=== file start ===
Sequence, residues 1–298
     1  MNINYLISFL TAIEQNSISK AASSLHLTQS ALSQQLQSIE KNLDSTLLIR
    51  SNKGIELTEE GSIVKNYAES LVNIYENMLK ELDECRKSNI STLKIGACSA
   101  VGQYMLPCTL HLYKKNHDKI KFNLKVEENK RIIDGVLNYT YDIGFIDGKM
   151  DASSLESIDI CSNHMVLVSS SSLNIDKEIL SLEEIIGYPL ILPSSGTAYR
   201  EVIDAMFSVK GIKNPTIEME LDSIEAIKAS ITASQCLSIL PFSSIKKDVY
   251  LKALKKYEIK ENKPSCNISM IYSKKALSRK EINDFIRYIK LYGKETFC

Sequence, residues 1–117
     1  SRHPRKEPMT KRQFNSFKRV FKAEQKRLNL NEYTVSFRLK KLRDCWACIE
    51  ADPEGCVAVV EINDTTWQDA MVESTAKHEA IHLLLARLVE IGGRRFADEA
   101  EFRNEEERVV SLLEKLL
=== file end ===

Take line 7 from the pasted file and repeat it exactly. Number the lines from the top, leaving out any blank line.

   251  LKALKKYEIK ENKPSCNISM IYSKKALSRK EINDFIRYIK LYGKETFC